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Air Drag On Sling Cords & Pocket (Read 23924 times)
Matolay
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Re: Air Drag On Sling Cords & Pocket
Reply #30 - Jan 12th, 2004 at 6:28pm
 
Made a lil' research inspired by the bottomline quote and found this at some Hebrew site about ancient royal curtains Smiley

'Although the Bible does not specify HOW the KELIOTH
were made we known that KELA means a SLINGSHOT and we know that slingshots were made of NET-LIKE MATERIAL (the holes prevented drag from the air and allowed the slingshot throwers to gain more momentum). It is thus suggested that the COURTYARD curtains were made in NET-LIKE form (With many holes).'

hope its useful.
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Whipartist
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Re: Air Drag On Sling Cords & Pocket
Reply #31 - Jan 12th, 2004 at 8:04pm
 
Matolay,

Yes that is helpful!  Thanks.  I've seen some Peruvian slings made with a cradle with a net center.  Very intriguing. 

                                   Ben
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Yurek
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Re: Air Drag On Sling Cords & Pocket
Reply #32 - Jan 12th, 2004 at 9:37pm
 
The net is great idea. It would premit to resign the grooves on the projectiles and additionally these could roll (swim) inside the cradle safely durring the sling rotations (I separate the cords by the fingers thus they don't go out from a one point). Maybe the small fishing net would be good?

Jurek
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In the shape, structure and position of each stone, there is recorded a small piece of history. So, slinging them, we add a bit of our history to them.
 
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JeffH
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Re: Air Drag On Sling Cords & Pocket
Reply #33 - Jan 14th, 2004 at 12:48am
 
Jurek,

Great looking sling up there my friend.

Keep up the good work.

jeff <><
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So David triumphed over the Philistine with a sling and a stone. (1 Samuel 17:50)
 
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Yurek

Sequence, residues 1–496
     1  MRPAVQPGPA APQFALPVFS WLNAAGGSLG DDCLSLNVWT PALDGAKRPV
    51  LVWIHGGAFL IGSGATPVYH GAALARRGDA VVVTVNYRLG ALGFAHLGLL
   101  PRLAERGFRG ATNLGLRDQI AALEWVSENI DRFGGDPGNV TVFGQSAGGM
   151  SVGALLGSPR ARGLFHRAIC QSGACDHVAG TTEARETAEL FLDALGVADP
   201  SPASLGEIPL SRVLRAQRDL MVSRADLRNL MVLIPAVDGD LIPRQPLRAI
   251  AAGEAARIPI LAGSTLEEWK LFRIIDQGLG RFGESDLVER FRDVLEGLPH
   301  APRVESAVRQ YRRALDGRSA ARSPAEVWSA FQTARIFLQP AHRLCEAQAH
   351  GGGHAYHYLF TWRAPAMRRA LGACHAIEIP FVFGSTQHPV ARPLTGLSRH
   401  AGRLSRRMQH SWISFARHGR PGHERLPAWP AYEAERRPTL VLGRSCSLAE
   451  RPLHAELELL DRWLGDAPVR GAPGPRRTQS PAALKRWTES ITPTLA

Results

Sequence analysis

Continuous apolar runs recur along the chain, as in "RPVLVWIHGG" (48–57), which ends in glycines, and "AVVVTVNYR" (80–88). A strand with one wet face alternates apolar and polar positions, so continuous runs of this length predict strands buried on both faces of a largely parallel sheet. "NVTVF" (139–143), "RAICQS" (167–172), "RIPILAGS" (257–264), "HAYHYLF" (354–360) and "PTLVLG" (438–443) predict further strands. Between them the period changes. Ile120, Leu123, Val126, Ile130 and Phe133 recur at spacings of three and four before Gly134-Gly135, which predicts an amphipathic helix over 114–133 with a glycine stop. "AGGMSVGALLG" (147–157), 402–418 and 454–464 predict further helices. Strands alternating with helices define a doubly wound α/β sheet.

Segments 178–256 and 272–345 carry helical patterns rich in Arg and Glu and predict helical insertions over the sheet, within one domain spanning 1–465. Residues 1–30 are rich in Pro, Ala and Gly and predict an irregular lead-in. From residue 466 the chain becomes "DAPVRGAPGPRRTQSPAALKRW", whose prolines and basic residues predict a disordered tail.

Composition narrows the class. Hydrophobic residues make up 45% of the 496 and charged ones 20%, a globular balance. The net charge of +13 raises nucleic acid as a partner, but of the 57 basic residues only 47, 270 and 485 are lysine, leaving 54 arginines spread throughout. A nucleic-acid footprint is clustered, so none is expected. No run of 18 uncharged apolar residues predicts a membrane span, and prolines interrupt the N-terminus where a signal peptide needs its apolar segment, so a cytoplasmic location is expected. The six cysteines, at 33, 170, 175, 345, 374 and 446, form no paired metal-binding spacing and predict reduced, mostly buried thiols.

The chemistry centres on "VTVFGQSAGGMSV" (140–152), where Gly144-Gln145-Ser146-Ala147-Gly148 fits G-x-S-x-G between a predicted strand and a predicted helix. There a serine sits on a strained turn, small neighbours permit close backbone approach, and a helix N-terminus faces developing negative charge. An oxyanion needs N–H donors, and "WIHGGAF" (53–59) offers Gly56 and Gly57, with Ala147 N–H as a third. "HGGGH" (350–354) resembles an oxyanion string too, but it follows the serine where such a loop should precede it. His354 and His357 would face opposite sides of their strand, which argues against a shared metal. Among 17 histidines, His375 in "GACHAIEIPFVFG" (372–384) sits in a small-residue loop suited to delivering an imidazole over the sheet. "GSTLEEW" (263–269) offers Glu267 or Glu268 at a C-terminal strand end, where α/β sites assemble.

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Re: Air Drag On Sling Cords & Pocket
Reply #34 - Jan 14th, 2004 at 6:32pm
 
I'm going to try the "dyneema" 1.1 mm cord. It is multiple stronger than the stainless steel wire. You can read about its poperties for example here (bottom of the page):

http://www.gnmchandlery.com.au/rope.htm

I have just booked some in the sailing shop via internet. Seems it would be that one we need.

Jurek

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In the shape, structure and position of each stone, there is recorded a small piece of history. So, slinging them, we add a bit of our history to them.
 
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Yurek
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Re: Air Drag On Sling Cords & Pocket
Reply #35 - Feb 3rd, 2004 at 5:45pm
 
More one week ago I tested the lead projectiles. Some was ball-shaped and some prolongated. The weight of the balls was almost 120 g (4.2 oz).  Although I intended to get 100 g but I didn't measured off volume of the modelling paste too precisely. Elongated ones was 100 g (3.5 oz), exactly as I wanted. I used the last ones in the previous test too.

The sling is made of the 1,1 mm (0.043") "Dyneema" thin line, according to the Ben's idea. That line is able to raise 90 kg!

The projectiles had no grooves for keeping in the cradle, so I used the short and narrow sleeve made of chamois-leather. You can see that in the left-bottom corner of the picture.

I throwed the glandes on the frozen and snow-covered lake. Alas, I wasn't able to find any of them due to the traces on the snow and coming dusk. So I have no conclusion what the shape and aerodynamic sling do for a range. I have written about it in some post before, but here are the pictures. My wife had painted the projectiles with the nail enamel Smiley

I see that finding (marking) the fall-points is the big problem. I'm thinking about it. Maybe you guys...  and girls Smiley have a good ideas?

Here are the pictures:

...

...

Greetings,

Jurek
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« Last Edit: May 7th, 2005 at 6:40pm by Yurek »  

In the shape, structure and position of each stone, there is recorded a small piece of history. So, slinging them, we add a bit of our history to them.
 
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mgreenfield